My Next Job?

The kitchen was the first room we remodeled when we moved into this big old house over 40 years ago.  My wife, Diane, recently had a great idea, “Let’s do it again.”

I suggested that if we wait, wood grain Formica laminated cabinets and green Formica counter tops and back splashes will be in style again – and we will have the genuine article.  But, we decided we will remodel anyway.

We enjoyed our excitement and the anticipation of a new project.  We began listing great kitchen ideas.  We can’t afford to contract it out, but if I do almost everything myself, (when I worked for my dad, we remodeled kitchens and bathrooms for a living) what money we have budgeted will stretch quite a ways.  It wasn’t long, though, before I realized that I don’t have time to remodel a kitchen.  I work full time, every evening is short, and every weekend is full.  Every weekend has unfinished carry over (a life blessed is a life busy!).  We don’t have the money to pay someone to do it, and I don’t have time to do it, but…….

I’m reminded by the daily pile of junk mail that I’m “nearing my normal retirement age.”  It will arrive about a year from now and at the rate my clock is ticking, it will be here in no time.  I’m tempted to consider working past retirement age, but cancer may be the deciding factor in that decision.  If we could wait until I retire, I would have nothing but time.  The new kitchen could be my new job.  But, waiting does have a risk.  If the cancer makes a move before I retire, I won’t be much good at remodeling kitchens for a while; but if it comes back and kills me, Diane should get enough insurance money to pay someone to make a new kitchen.

In March, my three month Multiple Myeloma cancer tests said no change, and I can live with that.  At my 6 month visit with my Pulmonologist (my sleep apnea doctor) I mentioned how easily I get out of breath.  I asked if it could be a result of the Chemo treatments, or the radiation treatments, or the cancer, or the fact that I went to high school with Moses?  He recommended I see a heart doctor because of “my age and my condition.”  I did, and he listened quite intently with a stethoscope and said he could hear a leaky valve.  He asked if I’ve had radiation treatments.  It appears the cause of my breathlessness could be heart related, could be radiation related, or, I could just be out of shape.  He scheduled more tests.

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I love to see how our kids love their kids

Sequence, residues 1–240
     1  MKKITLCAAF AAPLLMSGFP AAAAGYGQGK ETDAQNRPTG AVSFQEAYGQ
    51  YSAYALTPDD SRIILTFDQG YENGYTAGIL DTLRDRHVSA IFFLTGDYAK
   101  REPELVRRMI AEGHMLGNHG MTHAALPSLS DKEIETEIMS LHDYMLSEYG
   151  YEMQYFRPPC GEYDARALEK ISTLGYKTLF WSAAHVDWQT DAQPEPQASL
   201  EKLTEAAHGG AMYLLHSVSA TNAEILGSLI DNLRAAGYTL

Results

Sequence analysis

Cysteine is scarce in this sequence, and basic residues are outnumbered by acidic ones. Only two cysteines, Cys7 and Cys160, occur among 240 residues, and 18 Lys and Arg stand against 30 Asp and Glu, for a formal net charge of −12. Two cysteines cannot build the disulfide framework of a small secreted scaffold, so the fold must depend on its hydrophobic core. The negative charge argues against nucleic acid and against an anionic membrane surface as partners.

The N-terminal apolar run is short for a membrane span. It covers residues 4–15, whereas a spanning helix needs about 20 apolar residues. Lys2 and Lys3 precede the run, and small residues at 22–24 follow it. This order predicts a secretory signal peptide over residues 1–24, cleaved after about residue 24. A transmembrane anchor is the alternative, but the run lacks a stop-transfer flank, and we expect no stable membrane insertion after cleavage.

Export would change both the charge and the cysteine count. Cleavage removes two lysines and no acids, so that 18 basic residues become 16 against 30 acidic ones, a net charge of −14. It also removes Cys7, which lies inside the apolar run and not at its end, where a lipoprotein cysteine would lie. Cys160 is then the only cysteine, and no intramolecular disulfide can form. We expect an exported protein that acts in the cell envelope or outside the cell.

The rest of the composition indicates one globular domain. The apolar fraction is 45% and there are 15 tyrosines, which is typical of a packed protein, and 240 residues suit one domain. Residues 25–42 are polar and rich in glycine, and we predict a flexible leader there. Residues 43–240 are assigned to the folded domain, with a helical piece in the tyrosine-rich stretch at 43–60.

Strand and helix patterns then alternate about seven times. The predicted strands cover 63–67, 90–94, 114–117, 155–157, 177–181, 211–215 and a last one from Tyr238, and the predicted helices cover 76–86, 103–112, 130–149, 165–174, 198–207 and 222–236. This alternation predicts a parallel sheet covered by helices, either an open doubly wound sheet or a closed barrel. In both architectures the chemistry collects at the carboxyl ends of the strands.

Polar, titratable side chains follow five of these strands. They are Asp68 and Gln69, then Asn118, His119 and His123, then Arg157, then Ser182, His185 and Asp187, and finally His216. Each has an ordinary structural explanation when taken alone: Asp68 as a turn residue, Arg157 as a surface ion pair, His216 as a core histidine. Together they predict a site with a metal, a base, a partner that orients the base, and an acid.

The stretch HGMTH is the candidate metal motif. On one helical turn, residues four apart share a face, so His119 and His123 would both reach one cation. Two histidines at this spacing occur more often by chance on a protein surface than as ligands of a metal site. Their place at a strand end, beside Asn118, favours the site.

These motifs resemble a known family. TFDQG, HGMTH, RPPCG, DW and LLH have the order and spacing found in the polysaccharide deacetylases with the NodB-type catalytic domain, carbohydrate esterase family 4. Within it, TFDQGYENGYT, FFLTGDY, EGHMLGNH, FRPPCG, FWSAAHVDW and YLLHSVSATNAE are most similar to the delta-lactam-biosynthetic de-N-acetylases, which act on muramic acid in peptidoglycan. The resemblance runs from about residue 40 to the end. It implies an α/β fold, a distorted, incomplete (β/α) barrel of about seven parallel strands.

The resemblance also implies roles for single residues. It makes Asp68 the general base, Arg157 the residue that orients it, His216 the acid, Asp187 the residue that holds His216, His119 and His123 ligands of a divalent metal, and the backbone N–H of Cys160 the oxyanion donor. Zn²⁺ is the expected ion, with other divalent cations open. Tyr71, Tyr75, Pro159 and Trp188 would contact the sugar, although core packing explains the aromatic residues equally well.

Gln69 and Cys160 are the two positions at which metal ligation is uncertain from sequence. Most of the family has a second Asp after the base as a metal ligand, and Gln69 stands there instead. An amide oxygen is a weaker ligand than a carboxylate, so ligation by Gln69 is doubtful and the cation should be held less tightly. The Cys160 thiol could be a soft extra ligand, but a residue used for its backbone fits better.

Although our grandkids live far away, their parents generously include us in their lives through emails, pictures, videos, video chats, cards, finger paintings, and more. We get to peek into their activities and watch them grow. We get to celebrate achievements. I love to see the ways our kids love their kids.

I wondered out loud recently to my wife, if our kids, while enjoying a developmental milestone with their kids, ever realize that what they are feeling is the exact feeling we enjoyed again and again as we watched them grow from babies to children. “Will they realize through their kids, how much we loved and enjoyed them as our kids?” She answered, “No, why would they? Did you think about your parents when we were new parents?”

I grew up in a family that never said, never heard, never felt, “I love you.” I guess I shouldn’t say never. That day in 1962 when mom surrendered the five of us and transferred our custody to the Juvenile Detention Hall in Vancouver, Washington, she was crying when she said, “I love you,” and walked out the door. I’d heard of love, this is it? That was the beginning of another chapter in this life adventure. In a week, we were in a foster home, and in a couple more weeks we were in another where three of us served about a year. I would later brag that before graduating from high school, I lived in 27 houses including JDH and those two foster homes. That might be material for another posting.

I answered my wife, “Yes,” as a new parent in self training, “I actually thought about my parents once or twice.” I so loved our babies, I held, hugged and kissed, and told them so every day. It felt very natural to me, and caring for them became my highest priority. I would do anything to protect them. When I thought about my parents, I wondered why they didn’t feel the same.